Q:  Directing a documentary has such an intriguing dynamic. How would you describe the relationships you build with the people who aren’t actors but rather representing their very personal and real lives?

RY: These are the most intimate and powerful stories— when you are dealing with sickness or tragedy (as I have in my previous film Floating: The Nathan Gocke Story), there is an incredible amount of trust you must build up with your subject matter. And often you need to do it in a very short amount of time. So you must give them 100% confidence on the spot that you are empowering them and showing them at their best. It’s amazing when people expose to the world what they might have previously thought of as too private for their friends and loved ones. You as the director have to show them how it’s the right thing to be opening up  this way to the camera.

Q: What are the challenges that come along with that same dynamic?

RY: You have to get the subject matter to trust you with their most intimate stories. Otherwise you will not get the movie you set out to get. You also have to be 100% honest up front about your intentions. People in these most personal moments have an innate sense of a person’s honesty. I am 100% truthful in my intentions with my subjects up front—before we even turn the camera on. They sense this and open up for me as we progress through the interview process.

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Q: As far as the actual film goes, talk to me about how it took its shape. Did you have to change direction multiple times or did it sort of organically weave together?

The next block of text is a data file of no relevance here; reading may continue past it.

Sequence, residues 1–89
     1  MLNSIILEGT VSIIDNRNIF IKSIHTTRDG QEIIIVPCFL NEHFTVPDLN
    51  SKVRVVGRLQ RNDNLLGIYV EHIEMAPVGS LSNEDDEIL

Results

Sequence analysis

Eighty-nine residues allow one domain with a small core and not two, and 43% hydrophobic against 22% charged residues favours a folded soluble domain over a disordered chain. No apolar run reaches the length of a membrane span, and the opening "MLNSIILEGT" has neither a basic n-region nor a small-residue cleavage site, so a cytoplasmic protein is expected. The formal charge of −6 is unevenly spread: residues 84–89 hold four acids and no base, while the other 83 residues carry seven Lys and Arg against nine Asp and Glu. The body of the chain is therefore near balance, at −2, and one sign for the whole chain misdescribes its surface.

RY: This film is a work in process. We captured the experience these twenty-one people had at the camp. Now we will focus on three or four individuals and follow them as they progress into their lives after the We Are Ocean experience. Some of the stories include a fitness instructor who was partially paralyzed by chemotherapy. Now she is back at work, stand up paddling and doing yoga for the first time in over a year. Another camper, who is in stage four, has been responding well to a breakthrough new cancer treatment. His tumors have shrunk by 40% and he appears to have a whole new life in front of him.

Q: Why is this project important, not only to you personally, but for those who are thinking of donating or participating?

RY: Any time you have an opportunity to change the world for the better, for those living in it, it’s something you absolutely can’t pass up.  If we make this film together, we will make the world better together.  But there will be no film without everyone’s belief in this vision and their pledges to realize it.

Q: Tell me about the biggest challenge you were faced with during the creative process?

RY: Getting everyone to agree to interview with me was the most challenging thing. But they all did. Moving forward the biggest challenge is to find the most compelling storylines and make sure the right things happen in front of the camera to make this a highly emotional, inspiring and revealing film.

Q:. Anything else you would like to add?

RY: We’d like to distribute the film to the largest audience possible. Right now, we are looking to broadcast the film to 30 million homes on Outside TV and reach global audiences through iTunes.

www.weareocean.org